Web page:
Marijuana laws have been at the forefront of the policy debate in the US for decades as more and more states move to legalise the use of marijuana for medical and/or recreational purposes. By 2021, 36 states (along with the District of Columbia, or DC) had passed medical marijuana laws (MMLs), and 19 states (and DC) had passed recreational marijuana laws (RMLs). While debates on the legalisation of marijuana in the US are ongoing, it seems likely that MML and RML bills will be on the legislative agendas in several other states soon.
Insofar as marijuana legalisation affects marijuana use (Hollingsworth et al. 2022), legalising marijuana for both medical and recreational purposes can exert direct and indirect effects on individual outcomes and behaviours, and as such can have important public health consequences (Anderson and Rees forthcoming). In fact, there is vast evidence from the economic literature showing that legalising marijuana affects many factors, including traffic and workplace fatalities (Anderson et al. 2018, Hansen et al. 2020), risky behaviours such as increased sexual activities and reduced contraceptive use (Baggio et al. 2020), crime (Chu and Townsend 2019, Dragone et al. 2019), and labour supply (Nicholas and Maclean 2019).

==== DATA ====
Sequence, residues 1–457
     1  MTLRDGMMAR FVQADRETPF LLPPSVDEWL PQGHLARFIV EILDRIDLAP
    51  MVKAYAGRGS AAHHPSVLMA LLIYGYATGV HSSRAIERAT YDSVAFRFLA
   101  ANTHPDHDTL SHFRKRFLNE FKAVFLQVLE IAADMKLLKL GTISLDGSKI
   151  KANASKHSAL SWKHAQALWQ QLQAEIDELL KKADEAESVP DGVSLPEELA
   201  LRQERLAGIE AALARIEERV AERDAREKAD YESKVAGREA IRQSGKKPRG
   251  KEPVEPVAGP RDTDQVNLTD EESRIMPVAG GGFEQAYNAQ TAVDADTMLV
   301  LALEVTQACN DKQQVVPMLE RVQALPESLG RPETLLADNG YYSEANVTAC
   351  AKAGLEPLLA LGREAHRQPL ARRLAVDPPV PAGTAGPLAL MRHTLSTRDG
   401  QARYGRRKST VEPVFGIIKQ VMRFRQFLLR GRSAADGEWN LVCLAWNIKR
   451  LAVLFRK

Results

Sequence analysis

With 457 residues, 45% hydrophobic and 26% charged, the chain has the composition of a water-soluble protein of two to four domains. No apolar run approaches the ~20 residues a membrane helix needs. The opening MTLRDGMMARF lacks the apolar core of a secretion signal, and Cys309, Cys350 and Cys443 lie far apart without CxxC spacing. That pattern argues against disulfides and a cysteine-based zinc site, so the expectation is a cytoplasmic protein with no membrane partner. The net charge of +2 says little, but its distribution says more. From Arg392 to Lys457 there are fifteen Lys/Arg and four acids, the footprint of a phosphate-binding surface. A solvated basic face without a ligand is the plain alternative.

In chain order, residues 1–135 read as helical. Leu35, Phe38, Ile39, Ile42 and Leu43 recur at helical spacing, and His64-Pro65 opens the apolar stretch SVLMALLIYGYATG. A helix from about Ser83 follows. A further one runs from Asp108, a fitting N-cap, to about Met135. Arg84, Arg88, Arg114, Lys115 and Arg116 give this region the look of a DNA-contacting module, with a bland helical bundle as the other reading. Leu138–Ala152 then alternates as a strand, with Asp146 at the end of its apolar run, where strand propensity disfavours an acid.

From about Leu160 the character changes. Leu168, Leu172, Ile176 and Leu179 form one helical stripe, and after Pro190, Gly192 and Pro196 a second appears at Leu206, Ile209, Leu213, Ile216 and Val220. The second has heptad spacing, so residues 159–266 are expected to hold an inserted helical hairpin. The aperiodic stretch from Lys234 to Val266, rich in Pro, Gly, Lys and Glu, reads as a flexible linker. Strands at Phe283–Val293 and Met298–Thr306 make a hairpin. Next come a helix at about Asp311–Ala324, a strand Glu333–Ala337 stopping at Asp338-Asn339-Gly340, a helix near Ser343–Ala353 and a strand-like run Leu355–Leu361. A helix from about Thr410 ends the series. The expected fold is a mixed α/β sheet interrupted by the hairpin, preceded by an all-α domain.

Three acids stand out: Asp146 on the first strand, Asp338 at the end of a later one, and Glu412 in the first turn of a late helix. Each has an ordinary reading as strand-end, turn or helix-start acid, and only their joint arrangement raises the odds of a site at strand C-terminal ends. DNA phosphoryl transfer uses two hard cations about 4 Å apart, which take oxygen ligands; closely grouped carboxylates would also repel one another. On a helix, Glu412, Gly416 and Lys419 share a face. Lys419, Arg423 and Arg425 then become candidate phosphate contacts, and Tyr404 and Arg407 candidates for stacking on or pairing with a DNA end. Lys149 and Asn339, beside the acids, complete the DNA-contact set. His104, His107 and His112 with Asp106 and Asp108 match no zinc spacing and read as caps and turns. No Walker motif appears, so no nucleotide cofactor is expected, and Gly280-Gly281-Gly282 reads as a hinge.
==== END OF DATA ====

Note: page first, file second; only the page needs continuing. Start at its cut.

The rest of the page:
Despite existing evidence of several unintended effects of marijuana legalisation, potential effects on mental health have received less attention from studies both in economics and public health. According to data from the Substance Abuse and Mental Health Services Administration, in 2020, 20.8% of American adults had a mental illness, with increasing associated economic costs for public finances.
Examining the mental health effects of marijuana legalisation jointly considering medical and recreational laws is important for the design of public policy, due to them having potentially different effects on individuals, while at the same time having complementary effects on wellbeing. On the one hand, medical marijuana legalisation could improve people’s wellbeing by treating existing health problems. On the other hand, recreational marijuana legalisation could lead to overuse and thus might negatively impact mental wellbeing.